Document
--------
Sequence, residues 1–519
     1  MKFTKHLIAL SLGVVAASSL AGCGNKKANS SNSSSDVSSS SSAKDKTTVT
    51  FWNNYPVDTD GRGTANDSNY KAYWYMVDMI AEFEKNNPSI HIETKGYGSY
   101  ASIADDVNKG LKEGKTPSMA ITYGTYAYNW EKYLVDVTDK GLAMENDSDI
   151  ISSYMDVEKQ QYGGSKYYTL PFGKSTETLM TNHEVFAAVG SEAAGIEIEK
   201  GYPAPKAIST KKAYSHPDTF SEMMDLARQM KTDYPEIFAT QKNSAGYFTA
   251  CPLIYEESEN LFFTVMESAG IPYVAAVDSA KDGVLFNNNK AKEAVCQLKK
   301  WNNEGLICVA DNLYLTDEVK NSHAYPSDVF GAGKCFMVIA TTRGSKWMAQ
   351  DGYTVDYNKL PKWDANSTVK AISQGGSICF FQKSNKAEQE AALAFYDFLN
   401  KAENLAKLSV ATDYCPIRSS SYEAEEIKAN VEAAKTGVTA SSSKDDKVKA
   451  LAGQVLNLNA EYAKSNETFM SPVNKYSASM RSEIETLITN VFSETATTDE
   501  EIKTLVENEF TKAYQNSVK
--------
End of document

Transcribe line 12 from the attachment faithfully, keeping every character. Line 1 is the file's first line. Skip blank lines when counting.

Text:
   501  EIKTLVENEF TKAYQNSVK